Mobike was first launched in April 2016 in Shanghai and then spread to Beijing in September of the same year. The chic design and vivid orange color soon attracted young followers in droves.
"I first came to know of Mobike through WeChat, where more and more friends were sharing their experiences and pictures of riding a Mobike," Yang Xinran, a 26-year-old Beijing local, told Beijing Review. "It was like a new fashion overnight."
Yang began using Mobike, and to her surprise, her mother also followed suit. "My mom has become a more avid user," Yang said. "She gets one every day to go to the vegetable market [two bus stops away]."
Before Mobike, she had to shop at the small store in their building.
"She is super happy with the yellow and orange bikes," Yang said. "She downloaded both apps of Ofo and Mobike and chooses one randomly."
Ma Jie, a Tianjin local, is also a frequent user of shared bikes. "There are no direct buses from my apartment to my office, and getting a taxi every day is expensive," Ma told Beijing Review. "Commuting was a headache but the bikes have perfectly solved this problem."
Now she rides these bikes twice every day. In March, while taking her wedding dress photos, she was inspired by the rows of Mobike bicycles nearby to include them in the photos. "Shared bikes are an icon of our times, and I wanted to record the trend in this sweet way," Ma said.
She posted her photos on Weibo and was lauded by Wang Xiaofeng, CEO of Mobike.
"Usually, it takes a long time for consumers to embrace new Internet-connected products. But this time, we markedly shortened the process. We built a network of more than 1 million connected bikes within just 300 days," Wang told China Daily. "This is a home-grown innovation."
By January 2017, Mobike said it had more than 5 million users and had secured a D round of venture capital worth $215 million. Premier Li Keqiang once met Hu and praised the new business innovation.
Mobike spokesperson Huang Xue said several factors have helped to make China ripe for a bike-sharing boom.
"China used to be a kingdom of bicycles. In the 1990s, when I was young, there were bikes everywhere," Huang told Xinhua News Agency. "Given the fact that the population is already well-trained [to ride bikes], they're just looking for something more convenient."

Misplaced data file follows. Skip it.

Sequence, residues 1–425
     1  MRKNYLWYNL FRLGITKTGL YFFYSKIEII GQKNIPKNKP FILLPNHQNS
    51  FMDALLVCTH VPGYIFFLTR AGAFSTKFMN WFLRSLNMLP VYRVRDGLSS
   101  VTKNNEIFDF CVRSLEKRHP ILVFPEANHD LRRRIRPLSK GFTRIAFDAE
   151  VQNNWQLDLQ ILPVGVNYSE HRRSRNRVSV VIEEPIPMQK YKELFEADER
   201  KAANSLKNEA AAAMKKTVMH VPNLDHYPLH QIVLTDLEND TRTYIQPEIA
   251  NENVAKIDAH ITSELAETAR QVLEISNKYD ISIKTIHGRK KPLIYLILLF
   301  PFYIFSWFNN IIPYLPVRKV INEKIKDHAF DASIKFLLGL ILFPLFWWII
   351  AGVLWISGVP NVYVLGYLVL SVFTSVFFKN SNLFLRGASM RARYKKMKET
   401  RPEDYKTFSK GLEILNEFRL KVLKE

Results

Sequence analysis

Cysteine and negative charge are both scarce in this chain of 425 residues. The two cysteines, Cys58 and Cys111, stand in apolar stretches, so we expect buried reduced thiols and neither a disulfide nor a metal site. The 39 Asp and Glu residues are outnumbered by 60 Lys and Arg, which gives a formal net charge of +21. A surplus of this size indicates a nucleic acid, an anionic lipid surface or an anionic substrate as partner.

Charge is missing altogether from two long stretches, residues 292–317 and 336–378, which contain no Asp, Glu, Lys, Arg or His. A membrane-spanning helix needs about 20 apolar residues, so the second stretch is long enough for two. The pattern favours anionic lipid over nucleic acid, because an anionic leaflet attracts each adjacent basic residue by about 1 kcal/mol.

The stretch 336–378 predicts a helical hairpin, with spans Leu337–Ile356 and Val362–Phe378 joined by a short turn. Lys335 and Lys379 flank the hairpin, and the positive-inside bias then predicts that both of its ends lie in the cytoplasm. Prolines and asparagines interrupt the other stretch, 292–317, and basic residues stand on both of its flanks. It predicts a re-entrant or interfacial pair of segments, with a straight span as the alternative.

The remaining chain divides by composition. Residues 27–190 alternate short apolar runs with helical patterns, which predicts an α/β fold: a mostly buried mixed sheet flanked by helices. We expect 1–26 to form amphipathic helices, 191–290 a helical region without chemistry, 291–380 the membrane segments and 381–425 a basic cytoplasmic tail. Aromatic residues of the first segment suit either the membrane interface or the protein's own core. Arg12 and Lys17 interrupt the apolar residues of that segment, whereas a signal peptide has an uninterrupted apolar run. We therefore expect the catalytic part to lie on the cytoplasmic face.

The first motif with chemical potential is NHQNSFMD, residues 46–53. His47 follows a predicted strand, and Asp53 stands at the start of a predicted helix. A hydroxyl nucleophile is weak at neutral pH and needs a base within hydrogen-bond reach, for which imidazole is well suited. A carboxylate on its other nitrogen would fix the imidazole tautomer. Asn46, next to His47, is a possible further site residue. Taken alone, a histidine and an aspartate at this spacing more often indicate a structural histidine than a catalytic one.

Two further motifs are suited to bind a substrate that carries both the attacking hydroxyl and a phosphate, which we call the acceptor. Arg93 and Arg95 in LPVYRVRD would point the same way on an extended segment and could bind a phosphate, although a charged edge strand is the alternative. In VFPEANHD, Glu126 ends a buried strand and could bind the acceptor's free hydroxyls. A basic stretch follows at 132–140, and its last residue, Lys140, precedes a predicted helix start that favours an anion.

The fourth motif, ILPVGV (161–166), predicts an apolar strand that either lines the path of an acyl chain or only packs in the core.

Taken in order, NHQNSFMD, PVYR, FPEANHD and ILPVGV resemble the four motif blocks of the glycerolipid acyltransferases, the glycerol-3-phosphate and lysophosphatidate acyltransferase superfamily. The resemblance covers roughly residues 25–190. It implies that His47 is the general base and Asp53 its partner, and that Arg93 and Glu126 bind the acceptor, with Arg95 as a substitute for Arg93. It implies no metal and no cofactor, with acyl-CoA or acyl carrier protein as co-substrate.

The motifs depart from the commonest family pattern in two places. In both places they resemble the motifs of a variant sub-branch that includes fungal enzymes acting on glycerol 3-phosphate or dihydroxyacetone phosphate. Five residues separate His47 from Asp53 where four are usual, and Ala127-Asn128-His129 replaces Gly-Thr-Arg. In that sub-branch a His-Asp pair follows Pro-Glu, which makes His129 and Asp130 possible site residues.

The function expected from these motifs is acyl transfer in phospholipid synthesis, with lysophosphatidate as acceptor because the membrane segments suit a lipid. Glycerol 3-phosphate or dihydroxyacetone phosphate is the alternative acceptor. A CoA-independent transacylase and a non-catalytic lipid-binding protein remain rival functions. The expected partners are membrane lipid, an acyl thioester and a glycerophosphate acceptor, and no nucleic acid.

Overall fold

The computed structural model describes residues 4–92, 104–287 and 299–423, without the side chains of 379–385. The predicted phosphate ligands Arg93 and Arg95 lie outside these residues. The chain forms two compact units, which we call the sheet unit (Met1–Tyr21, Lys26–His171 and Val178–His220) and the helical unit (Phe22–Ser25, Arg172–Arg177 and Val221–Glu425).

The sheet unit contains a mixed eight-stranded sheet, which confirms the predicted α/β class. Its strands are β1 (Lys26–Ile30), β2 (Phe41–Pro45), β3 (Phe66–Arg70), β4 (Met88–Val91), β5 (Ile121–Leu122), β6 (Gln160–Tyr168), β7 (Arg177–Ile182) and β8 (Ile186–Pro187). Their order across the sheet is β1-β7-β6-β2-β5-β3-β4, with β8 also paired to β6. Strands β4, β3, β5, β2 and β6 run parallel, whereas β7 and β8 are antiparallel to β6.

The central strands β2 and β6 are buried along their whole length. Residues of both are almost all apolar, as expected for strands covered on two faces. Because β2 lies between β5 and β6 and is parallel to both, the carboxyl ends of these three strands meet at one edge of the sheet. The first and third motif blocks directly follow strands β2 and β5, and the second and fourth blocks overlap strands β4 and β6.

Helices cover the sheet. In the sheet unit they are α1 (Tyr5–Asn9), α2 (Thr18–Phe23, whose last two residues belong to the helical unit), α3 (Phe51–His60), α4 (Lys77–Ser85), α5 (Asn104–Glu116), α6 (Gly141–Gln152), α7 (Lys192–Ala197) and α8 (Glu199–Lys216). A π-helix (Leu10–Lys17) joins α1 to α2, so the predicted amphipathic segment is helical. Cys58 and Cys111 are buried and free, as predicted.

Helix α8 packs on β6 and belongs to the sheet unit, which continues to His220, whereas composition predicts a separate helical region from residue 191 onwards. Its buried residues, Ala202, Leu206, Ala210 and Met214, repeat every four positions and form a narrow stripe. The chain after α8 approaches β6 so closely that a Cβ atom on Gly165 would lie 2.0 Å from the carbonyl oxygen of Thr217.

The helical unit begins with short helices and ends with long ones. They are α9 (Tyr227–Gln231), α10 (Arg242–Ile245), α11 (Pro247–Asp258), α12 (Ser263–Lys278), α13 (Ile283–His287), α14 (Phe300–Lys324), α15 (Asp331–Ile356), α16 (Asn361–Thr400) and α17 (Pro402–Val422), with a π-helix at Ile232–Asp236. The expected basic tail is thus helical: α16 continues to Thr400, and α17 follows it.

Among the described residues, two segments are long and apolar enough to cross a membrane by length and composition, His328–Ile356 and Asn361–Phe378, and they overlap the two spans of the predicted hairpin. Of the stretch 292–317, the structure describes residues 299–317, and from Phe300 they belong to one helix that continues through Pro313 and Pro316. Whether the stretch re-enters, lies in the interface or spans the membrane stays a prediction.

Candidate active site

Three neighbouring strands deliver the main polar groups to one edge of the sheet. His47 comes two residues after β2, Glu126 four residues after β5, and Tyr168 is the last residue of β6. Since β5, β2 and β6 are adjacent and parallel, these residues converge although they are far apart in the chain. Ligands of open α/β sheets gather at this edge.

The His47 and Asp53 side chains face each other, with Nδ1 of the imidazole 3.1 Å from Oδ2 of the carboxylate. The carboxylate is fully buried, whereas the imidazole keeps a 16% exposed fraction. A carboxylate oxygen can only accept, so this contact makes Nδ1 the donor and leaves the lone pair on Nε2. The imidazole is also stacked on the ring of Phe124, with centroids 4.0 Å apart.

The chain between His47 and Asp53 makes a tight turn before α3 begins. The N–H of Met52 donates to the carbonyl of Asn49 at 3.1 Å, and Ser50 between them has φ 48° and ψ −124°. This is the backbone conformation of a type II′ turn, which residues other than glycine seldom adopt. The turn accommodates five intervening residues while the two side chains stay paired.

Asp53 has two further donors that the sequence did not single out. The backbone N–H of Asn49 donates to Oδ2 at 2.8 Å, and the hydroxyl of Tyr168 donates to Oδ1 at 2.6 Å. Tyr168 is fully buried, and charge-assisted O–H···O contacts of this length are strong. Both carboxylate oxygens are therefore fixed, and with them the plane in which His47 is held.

A survey of about 100,000 residents in 36 cities reported a 55-percent decline in trips by car and a 53-percent decrease in unlicensed motorcycle trips after shared bikes became available.
Mobike establishes an open research center with other 11 institutions on April 12 to work on urban planning, with a focus on lanes and parking spots for shared bikes (XINHUA)
The sword's edge
But the picture is not all happy.
Soon after the bikes were launched, some were damaged badly, and some simply disappeared. Images of bikes piled up in dumpsters, ditches, rivers and even on trees began to appear regularly on social media.
In Putian, Fujian Province, a shared bicycle service company distributed 667 bikes before February, and 550 went missing.
Du Zhiming, a bike repairer with Ofo, told Beijing Review that he repairs about 70 to 80 bikes a day. Sometimes the number jumps to 100. "We are striving to put the bikes back on the streets," Du said. "Many of them are vandalized on purpose."
Beijing TV reported a case of a Beijing resident who had appropriated an Ofo bike, repainted it from yellow to black and even attached a baby seat to it. He was discovered and detained for two weeks.
Fraudsters have been reported gluing their own payment codes to rental bikes so that when any money was transferred, it went to them and not the company.
Cases of misuse by children are also on the rise. Youngsters have been seen racing on rental bikes in the streets, when children under the age of 12 are barred from riding bikes and tricycles on roads.